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Review: Alan Cumming's 1-man 'Macbeth' stunning

Published on NewsOK Modified: April 21, 2013 at 5:02 pm •  Published: April 21, 2013

NEW YORK (AP) — It's hard enough for a couple to simulate sex onstage in front of 1,000 people. Now put them in a Shakespeare tragedy. OK, now to make it really hard: Remove one of the actors.

That's what you get in one of many astounding scenes at the new Broadway version of "Macbeth" — all the major roles are being done by Alan Cumming, which means a bed scene in which his Lady Macbeth seduces her husband while persuading him to kill the king.

In the scene, Cumming, who won a 1998 Tony Award in Sam Mendes' revival of "Cabaret," redefines the notion of self-love. Half-dressed, he flips on a bed multiple times to alternate the parts, purring suggestively as the lady and then more lustful as the man.

"Screw your courage to the sticking-place," she teases him.

If it's not clear by now, what Cumming is doing at the Ethel Barrymore Theatre is delivering a tour-de-force that redefines the term.

In a truncated version of the play that clocks in at less than two hours, Cumming is both Macbeths, the three witches, Macduff, Duncan, Malcolm, Banquo and a half dozen others. Plus, he not only plays all the major Shakespeare roles, he also does the whole thing as a deranged mental patient.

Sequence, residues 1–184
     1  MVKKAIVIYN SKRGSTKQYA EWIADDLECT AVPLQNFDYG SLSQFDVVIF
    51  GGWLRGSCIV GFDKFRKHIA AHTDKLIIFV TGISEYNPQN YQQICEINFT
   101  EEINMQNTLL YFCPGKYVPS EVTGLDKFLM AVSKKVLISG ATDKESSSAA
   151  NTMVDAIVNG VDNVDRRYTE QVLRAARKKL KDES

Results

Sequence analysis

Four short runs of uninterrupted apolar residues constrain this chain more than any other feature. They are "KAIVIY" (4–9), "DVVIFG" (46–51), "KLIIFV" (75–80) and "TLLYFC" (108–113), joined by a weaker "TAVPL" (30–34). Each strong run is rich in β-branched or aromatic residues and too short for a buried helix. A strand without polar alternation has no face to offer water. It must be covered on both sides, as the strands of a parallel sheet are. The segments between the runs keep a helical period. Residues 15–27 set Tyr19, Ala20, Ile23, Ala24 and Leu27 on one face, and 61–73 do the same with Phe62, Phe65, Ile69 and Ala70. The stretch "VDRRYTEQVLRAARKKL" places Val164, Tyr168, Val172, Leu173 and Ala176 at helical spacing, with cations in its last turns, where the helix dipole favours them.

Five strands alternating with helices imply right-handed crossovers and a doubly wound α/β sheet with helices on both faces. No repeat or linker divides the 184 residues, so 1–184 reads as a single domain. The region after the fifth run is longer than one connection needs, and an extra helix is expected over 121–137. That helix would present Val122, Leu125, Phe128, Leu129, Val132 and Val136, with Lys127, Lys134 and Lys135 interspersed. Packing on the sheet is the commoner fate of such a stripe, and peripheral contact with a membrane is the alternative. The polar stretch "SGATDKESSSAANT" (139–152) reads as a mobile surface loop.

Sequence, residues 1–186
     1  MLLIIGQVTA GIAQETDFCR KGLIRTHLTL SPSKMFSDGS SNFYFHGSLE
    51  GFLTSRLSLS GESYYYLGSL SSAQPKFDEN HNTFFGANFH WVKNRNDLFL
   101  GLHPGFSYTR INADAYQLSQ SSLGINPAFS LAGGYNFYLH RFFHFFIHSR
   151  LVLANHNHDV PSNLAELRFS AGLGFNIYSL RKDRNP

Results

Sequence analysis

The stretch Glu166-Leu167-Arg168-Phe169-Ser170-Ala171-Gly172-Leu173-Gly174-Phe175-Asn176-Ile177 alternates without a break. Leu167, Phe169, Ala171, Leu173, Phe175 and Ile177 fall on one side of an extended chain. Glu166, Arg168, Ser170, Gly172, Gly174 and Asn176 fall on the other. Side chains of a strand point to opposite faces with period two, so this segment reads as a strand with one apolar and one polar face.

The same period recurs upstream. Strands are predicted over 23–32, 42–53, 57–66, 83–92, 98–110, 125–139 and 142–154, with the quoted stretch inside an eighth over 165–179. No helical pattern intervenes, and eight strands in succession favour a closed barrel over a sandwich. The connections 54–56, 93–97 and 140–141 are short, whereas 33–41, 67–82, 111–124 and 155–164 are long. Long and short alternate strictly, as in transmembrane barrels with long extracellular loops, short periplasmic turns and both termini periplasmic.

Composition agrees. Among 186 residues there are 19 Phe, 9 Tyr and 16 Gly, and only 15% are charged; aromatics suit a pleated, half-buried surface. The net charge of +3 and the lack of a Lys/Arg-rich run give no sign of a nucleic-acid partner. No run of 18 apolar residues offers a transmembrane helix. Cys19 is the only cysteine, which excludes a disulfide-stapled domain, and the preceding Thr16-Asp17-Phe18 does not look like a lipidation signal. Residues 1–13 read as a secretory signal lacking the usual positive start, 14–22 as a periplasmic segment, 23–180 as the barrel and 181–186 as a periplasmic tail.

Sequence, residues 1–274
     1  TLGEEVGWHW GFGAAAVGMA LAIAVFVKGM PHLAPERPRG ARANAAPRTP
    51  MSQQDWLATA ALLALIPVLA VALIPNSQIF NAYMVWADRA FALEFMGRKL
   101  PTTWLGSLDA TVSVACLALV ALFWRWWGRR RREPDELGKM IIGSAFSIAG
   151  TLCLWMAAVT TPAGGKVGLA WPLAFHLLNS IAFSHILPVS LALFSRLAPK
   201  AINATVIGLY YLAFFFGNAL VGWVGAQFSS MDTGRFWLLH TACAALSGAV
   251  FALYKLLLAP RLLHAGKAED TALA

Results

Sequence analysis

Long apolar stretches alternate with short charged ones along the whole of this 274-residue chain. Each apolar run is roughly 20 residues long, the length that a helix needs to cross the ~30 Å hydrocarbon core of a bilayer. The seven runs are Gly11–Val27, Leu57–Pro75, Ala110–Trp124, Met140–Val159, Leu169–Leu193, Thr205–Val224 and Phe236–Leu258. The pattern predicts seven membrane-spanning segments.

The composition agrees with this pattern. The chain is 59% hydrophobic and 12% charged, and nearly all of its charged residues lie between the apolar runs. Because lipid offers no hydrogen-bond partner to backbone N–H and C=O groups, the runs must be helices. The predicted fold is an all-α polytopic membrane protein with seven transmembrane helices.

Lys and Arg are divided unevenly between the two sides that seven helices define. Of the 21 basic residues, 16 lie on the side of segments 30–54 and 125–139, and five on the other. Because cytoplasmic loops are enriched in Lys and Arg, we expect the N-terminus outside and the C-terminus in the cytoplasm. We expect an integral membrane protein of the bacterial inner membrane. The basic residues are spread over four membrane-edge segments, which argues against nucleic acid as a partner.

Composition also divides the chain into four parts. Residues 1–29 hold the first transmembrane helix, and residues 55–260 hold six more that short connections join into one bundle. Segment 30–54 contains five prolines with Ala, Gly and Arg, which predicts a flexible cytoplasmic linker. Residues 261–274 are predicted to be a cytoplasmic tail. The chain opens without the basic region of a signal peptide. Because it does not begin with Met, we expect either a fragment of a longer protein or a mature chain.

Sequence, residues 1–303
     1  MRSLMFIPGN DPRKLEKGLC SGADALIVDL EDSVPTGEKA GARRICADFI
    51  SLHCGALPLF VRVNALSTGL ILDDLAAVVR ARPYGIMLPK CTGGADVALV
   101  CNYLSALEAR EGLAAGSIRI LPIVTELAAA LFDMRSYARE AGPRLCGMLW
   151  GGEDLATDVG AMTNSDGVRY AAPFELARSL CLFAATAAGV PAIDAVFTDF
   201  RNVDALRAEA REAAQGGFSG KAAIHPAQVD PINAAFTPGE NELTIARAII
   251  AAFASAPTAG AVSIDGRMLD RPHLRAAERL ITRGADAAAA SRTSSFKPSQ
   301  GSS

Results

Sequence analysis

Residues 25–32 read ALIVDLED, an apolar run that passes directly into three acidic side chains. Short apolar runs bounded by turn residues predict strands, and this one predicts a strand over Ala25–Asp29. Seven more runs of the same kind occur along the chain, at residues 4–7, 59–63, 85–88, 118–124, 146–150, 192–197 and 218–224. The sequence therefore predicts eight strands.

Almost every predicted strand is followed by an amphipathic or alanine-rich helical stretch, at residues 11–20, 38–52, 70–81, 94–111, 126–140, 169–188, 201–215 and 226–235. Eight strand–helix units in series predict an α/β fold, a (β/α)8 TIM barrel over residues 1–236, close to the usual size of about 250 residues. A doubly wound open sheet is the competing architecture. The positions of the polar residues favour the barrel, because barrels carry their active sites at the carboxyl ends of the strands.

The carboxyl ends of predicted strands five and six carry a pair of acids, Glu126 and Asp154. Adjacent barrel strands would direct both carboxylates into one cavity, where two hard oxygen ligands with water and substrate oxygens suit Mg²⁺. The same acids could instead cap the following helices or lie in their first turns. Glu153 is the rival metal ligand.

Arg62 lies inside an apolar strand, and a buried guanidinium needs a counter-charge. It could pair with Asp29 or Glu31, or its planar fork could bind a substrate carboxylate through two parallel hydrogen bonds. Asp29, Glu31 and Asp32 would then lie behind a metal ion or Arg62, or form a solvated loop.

The show, directed by John Tiffany and Andrew Goldberg, has had sold-out runs at both the National Theatre of Scotland and the Lincoln Center Festival last year. It has matured since the festival, now sporting more special effects, more blood and a stronger attempt to differentiate the various voices of the play, which had been a problem before.

While there is no doubt about Cumming's ability — he cowers, he acts menacing, he strips down, he leaps in and out of a full bathtub and smears himself in gore — there is a feeling that while this is an act of Olympic skill, it's also partly a freak show.

Cumming at first appears as a patient who has undergone some sort of trauma as he's being processed into a white-tiled mental hospital. The plot of "Macbeth" is sort of a schizophrenic nightmare.

Using a mental patient as the framing device makes intuitive sense for "Macbeth" since the play is filled with visions — "Is this a dagger which I see before me?" — and references to addled brains.

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